The second time turned out to be the charm for the National Heritage Academies’ attempt to have land on Scott Road annexed and zoned in order to build a charter school.
But even this second attempt at annexation and zoning was not without difficulties.
By 6-3 votes the City Council approved the annexation and zoning of 47.76 acres at 2126 and 2146 Scott Road. The property was zoned Conditional District Residential Single-Family-3 (CD-R-3) with the condition that uses be limited to a school and residential single-family dwellings.
The same group had withdrawn an annexation and zoning request at the Oct. 20 City Council meeting for the same site and the same project after the City Council balked at rezoning the property Residential Single-Family-5.
In October, Mayor Nancy Vaughan advised Bob Dunston of Charter Development Company LLC, an affiliate of National Heritage Academies Inc., that the City Council would like to see a “conditional” zoning request for the land. Dunston withdrew the annexation and zoning requests and started over at the Zoning Commission meeting in November with the conditional district request.
In October, councilmembers said they didn’t like charter schools and didn’t trust National Heritage Academies to build a charter school on the site rather than developing it for residential use.
On Tuesday, Dec. 5, Dunston also ran into trouble when questioned by Councilmember Yvonne Johnson who asked, “What percentage of your contractors are minority.”
Dunston tried to explain that the construction contract had not been put out for bid and he was not in charge of construction. He said, “I’m not allowed to speak for the facilities department.”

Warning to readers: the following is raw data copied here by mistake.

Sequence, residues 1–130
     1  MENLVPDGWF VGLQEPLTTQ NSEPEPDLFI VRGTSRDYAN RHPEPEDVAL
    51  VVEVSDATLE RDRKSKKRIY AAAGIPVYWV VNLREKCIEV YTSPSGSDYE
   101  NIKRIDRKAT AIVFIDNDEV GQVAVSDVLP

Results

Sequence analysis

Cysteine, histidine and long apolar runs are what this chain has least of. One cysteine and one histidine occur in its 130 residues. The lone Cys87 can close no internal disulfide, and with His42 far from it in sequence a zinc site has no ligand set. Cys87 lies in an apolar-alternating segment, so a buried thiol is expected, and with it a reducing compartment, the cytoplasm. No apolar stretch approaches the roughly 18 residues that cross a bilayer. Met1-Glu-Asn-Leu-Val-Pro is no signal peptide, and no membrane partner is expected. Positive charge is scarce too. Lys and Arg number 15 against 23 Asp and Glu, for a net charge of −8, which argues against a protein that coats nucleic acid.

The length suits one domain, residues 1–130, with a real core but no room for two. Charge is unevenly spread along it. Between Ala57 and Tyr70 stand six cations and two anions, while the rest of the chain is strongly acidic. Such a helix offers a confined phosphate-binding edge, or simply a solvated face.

Dunston did say they would be under an extreme time constraint since the school was scheduled to open in August and said, “We need very viable contractors to meet that goal.”
Councilmembers Johnson, Sharon Hightower and Michelle Kennedy cast the no votes on the annexation and zoning. Johnson originally voted no on closing the public hearing, a routine procedural matter, but later changed that vote to a yes.
At the end of the meeting Johnson explained her vote saying, “I just want to make council aware that when people talk and you ask them a question about minority contractors and they respond they want somebody who can do the job that is a clear racist statement.”
At this point Hightower interjected, “Amen.”
Johnson continued, “I just want you to know that. If we continue to support that we continue to support racism, that’s all I have to say.”
There is nothing racist about wanting qualified workers. What’s racist is assuming that qualified workers DON’T include minorities.
In reference to the re-zoning request for a charter school on Scott Road. Since neither the city or county is putting any money into this project, why is the City Council concerned about the use of minority contractors ? If I was building something at my own expense, I would have the right to hire whoever I wish to do the work. If the council is so interested in minorities, then maybe a good place to start would be trying to keep so many being killed. Chief James needs help with this real problem.
Councilwoman Johnson-How many of your employees at “Cure for Violence “ are not minorities? OR does this not apply when the city council gives your money instead of a contract? OR is this something else you do not have to have accountability for to the citizens of Greensboro?